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We're talking about Prince here. You should be expecting insane, irrational behavior. If it weren't for that, the man would get no publicity at all.

Edward R Murrow

Rumor has it that the lawyers representing Prince will be going after Prince William of Wales to get him to change his title to The Royal Formerly Known As Prince William, aka TRFKAPW.

BTW, TRFKAPW's Mom was MILF. LOL, :-)


Some of the criteria they have used to decide which videos stay and which videos go on Youtube and other sites are just plain ludicrous and arbitrary. Often it makes no sense at all. I've dealt with it myself, and if I had the time, money and inclination probably should have fought at least two of the deletions. One was deleted for allegedly being obscene, but was a segment on a newscast. Judge for yourself because I posted it elsewhere so I could use it on my blog:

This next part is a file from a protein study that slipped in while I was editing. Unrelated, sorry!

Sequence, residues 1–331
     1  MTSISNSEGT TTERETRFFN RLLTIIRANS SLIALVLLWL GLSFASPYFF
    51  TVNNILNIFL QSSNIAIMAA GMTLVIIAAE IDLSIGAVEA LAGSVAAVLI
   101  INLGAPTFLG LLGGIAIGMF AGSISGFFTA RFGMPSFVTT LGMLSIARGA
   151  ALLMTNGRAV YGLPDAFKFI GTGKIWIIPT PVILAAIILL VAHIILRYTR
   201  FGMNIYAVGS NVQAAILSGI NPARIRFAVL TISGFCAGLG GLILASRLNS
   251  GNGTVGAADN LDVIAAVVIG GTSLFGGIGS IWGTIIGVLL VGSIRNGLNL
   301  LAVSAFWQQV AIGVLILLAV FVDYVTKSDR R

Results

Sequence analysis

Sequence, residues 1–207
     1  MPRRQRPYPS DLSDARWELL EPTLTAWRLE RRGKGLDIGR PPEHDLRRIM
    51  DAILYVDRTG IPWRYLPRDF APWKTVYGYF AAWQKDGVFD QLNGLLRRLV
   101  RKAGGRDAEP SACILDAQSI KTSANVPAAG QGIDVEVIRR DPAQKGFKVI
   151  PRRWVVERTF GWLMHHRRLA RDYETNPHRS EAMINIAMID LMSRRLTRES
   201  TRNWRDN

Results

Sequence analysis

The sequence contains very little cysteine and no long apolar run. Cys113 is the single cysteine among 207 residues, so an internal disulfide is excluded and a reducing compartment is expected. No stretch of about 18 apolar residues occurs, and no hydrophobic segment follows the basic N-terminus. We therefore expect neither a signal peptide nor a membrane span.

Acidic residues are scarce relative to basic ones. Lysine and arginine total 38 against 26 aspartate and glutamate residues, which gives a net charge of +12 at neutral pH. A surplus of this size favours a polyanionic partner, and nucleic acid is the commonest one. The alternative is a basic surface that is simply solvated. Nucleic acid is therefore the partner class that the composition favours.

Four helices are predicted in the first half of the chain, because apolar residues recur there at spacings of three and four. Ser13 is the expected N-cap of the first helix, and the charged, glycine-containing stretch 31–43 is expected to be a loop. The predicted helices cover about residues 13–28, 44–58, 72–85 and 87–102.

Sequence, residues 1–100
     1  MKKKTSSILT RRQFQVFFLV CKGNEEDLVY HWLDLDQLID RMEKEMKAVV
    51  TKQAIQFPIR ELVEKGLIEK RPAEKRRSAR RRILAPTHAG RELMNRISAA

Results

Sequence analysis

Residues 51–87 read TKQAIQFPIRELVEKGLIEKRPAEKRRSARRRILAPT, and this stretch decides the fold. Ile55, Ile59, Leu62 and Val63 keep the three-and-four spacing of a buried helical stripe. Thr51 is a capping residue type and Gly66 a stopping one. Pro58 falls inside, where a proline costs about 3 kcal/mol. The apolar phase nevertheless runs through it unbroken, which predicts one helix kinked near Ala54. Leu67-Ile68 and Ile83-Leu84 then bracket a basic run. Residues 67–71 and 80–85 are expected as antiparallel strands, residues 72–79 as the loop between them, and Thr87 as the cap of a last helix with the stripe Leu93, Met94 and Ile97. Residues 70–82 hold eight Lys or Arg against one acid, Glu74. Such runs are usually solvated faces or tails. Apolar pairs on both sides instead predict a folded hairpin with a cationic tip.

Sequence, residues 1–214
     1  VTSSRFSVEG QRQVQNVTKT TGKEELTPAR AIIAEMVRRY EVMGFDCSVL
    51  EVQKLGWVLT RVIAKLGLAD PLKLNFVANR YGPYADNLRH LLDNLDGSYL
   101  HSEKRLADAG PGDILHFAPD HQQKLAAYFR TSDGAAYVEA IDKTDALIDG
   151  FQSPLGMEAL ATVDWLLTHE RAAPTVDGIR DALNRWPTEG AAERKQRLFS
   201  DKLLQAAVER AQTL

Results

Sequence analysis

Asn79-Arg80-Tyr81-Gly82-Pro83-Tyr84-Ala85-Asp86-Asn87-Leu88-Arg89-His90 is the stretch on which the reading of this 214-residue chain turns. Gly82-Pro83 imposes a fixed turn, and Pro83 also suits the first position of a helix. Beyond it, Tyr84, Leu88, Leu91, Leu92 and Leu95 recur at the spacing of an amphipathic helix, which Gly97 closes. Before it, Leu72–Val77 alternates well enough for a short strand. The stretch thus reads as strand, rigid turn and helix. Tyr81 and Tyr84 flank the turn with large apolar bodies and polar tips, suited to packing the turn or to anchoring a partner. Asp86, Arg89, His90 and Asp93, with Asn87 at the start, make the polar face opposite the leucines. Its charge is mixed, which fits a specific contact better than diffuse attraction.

Another was a commentary that Keith Olbermann did about Rush Limbaugh. Olbermann often uses audio and sometimes video clips of Limbaugh to make his point. I had several of these segments on youtube. But, clear channel asked for one and only to be removed because it was one after the election last year where he publicly admitted that he often lies in his news casts. None of the other clips which used Limbaugh were asked to be removed, including the one where he publicly ridiculed Michael J. Fox.

And lastly, I had a segment up where Olbermann was commenting on A. Rodriquez, and his decision to leave the Yankees being announced during the world series. Major League Baseball got all in a snit because there was about ten seconds of a game clip in the story that ran over eight minutes. That one got my whole account deleted and I that I had used for over a year, including all 400 videos. Here's the rub. It wasn't the first time that a clip I uploaded had used very brief baseball footage in a sports report. But, it was the first time that I had used baseball type descriptions and keywords in describing the video.